A vacation interrupted by very sad news about a great economist, Dr. Anna Schwartz.
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Really? Then where do the laws of physics come from? Where does the first cell come from? Where do the laws of thermodynamics come from? Physical laws ? By chance? That’s rich. Life, actual life, by chance? How can anyone believe that?
However, I could be wrong about all of this. I am often wrong. That’s what it means to be human. But the neo-Darwinists can never be wrong. That’s what The Party says. Well, I am sure some of the people who were exercised about Expelled were fine people. Maybe they were all fine people. You are just not allowed to disagree with them. That’s Thoughtcrime.
Thoughtcrime does not entail death. Thoughtcrime is death. So says The Party. Thank you, George Orwell.
Then home to a melancholy e-mail from my pal Phil DeMuth. My mother’s best friend from Barnard College days and for the rest of her life, Anna Jacobson Schwartz, has entered immortality at 96.
Dr. Schwartz was a genius statistician and economist at the National Bureau of Economic Research. She co-authored as important a book on economics as there has ever been, since The Wealth of Nations, A Monetary History of The United States with Milton Friedman, a supernova genius (like her). I cannot believe I read it all, but I did, when I was 19 years old. It was so beyond me that it might as well have been in Greek. I did learn a lot from it, though. I guess.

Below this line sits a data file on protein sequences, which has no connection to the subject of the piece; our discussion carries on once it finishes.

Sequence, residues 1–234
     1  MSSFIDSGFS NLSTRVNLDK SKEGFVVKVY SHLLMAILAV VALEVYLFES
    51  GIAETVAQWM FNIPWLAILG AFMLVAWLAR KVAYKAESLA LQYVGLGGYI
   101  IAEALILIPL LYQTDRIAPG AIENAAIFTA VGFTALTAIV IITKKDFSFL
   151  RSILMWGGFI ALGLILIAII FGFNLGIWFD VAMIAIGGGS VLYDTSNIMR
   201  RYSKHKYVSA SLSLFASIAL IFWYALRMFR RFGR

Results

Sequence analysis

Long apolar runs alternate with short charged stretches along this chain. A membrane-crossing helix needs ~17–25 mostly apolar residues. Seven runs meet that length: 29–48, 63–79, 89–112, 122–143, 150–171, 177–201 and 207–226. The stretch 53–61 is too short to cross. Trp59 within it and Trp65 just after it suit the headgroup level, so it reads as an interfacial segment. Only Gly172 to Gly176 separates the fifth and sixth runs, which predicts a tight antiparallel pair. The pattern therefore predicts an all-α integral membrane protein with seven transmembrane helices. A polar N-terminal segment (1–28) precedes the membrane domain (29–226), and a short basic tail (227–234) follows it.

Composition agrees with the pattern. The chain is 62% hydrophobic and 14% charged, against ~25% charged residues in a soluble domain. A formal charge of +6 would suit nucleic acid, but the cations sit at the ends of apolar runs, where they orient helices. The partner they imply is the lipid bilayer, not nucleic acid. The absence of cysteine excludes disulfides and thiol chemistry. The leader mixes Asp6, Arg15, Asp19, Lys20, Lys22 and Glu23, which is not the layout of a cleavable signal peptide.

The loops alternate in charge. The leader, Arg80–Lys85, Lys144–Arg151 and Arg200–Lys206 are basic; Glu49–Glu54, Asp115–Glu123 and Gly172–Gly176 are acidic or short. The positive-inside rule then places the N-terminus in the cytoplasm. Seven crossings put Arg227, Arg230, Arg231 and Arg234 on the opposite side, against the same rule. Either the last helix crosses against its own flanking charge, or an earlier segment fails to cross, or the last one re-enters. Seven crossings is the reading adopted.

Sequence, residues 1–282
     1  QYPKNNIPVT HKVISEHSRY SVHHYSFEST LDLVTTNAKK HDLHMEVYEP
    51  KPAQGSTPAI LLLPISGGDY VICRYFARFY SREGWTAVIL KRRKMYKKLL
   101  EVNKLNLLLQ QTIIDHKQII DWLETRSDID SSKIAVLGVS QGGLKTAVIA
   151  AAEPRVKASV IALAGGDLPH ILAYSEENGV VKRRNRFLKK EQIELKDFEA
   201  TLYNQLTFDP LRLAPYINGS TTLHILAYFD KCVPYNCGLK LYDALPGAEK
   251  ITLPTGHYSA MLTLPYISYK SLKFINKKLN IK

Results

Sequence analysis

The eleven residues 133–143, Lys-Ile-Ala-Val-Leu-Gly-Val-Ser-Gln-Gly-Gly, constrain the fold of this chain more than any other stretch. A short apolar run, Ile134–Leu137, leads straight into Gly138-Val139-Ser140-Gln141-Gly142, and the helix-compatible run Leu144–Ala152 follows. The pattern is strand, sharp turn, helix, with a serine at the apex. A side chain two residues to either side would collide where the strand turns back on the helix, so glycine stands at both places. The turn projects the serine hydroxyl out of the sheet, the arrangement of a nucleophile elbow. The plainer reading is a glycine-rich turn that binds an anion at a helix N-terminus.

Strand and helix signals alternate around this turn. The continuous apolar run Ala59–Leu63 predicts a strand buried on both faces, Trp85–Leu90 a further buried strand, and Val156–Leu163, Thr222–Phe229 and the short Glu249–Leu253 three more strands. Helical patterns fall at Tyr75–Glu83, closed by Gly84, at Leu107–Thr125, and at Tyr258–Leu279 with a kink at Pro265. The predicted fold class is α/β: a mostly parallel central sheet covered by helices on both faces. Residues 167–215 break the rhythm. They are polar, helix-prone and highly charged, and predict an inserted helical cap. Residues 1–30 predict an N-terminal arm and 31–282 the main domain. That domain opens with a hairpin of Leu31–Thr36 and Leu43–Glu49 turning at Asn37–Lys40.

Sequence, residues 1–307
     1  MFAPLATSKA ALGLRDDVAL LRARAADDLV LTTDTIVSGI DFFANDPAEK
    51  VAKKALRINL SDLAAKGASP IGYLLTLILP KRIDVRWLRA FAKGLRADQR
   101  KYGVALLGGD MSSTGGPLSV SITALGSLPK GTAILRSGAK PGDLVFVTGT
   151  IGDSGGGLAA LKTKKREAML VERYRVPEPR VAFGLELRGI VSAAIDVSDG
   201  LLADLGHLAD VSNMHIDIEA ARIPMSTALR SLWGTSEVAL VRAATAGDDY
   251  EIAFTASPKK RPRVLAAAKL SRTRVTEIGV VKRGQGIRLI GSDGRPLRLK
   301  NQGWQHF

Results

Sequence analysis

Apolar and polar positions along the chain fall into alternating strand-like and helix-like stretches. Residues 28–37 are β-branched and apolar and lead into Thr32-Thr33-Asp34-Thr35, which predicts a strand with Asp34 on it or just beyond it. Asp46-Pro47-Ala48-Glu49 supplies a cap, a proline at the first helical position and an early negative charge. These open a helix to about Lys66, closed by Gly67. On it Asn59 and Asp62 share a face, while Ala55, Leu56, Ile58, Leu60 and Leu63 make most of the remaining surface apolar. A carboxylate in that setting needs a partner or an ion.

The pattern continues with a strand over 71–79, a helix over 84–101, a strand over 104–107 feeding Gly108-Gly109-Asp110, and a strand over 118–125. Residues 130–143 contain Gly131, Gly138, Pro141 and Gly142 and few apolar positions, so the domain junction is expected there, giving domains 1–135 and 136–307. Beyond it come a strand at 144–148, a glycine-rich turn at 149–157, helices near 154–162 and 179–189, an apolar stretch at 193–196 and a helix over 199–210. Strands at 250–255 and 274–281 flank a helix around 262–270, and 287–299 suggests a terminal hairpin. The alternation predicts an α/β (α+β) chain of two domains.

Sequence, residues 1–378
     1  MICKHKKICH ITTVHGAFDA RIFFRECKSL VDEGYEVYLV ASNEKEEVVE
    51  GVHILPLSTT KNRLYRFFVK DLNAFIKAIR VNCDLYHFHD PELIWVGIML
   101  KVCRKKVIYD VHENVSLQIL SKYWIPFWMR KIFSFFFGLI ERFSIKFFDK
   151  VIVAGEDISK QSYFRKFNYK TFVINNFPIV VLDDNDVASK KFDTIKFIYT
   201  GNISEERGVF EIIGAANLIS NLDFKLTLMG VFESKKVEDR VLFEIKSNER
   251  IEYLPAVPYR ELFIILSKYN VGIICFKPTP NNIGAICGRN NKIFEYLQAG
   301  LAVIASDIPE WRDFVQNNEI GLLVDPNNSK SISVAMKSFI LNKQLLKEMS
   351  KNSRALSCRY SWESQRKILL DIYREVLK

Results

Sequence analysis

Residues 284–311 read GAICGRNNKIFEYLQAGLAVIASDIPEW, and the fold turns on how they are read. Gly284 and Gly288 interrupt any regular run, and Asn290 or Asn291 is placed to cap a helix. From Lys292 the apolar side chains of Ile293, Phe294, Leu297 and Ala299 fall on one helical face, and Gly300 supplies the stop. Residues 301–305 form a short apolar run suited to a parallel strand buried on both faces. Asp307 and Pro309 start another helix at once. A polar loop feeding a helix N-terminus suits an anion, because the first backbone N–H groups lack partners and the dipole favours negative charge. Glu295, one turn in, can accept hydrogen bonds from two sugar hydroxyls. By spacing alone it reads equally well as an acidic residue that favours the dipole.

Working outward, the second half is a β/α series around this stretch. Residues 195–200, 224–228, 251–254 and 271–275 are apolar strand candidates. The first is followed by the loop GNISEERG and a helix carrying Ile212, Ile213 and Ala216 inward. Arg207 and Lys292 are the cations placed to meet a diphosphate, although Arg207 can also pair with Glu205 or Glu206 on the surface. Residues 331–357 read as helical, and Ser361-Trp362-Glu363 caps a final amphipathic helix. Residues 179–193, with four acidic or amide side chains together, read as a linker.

But I knew her well because she was my mother’s roommate and best friend. She hosted me for many Sabbath meals when I was a lonely student at Columbia. That was long ago.
She was always good hearted and generous as I whined about missing my girlfriend, Cathy F. I may add that Milton Friedman at this time was a visiting Professor at Columbia and said to me the ultimate brilliance that saved me from despair about her. “If there were only one right woman for every right man on earth, they would never find each other,” he said.
(I happen to believe that he was wrong here but I hesitate to challenge Friedman about anything.)
Many, many nights I was saved from lonely sorrow by the kind attention of Dr. Schwartz and her husband Isaac and their brilliant, lovely children. Brisket in their apartment on West End Avenue. Brisket, economics, and love.
I can still recall her, as a woman in her '80s, running to get to my mother’s funeral in 1997. They both graduated from Barnard at 18.
Really, the kindest of the kind.
I called her during the Crash of 2008 and asked what was going on. “The banks are terrified about insolvency, not liquidity,” she said, in a spectacular summation of the problem.
We citizens of America and of the world will miss her. I leave to others ultimately to judge her brilliance as an economist (in my book, peerless).
But as a kind woman, a caring soul, without doubt as good as they get.
God bless her family and the souls of Isaac and her and her wonderful, super smart children.
A man of faith in a godless age is hitting Americans where it hurts.
Mr. and Mrs. American Spectator Reader, let P.J. O’Rourke talk sense to your kids.
In Britain, defending your property can get you life.
It won’t take long for conservatives to scratch this presidential wannabe off their 2008 scorecard.
Was the President done in by the economy, or by the politics of the economy?
H/T to National Review Online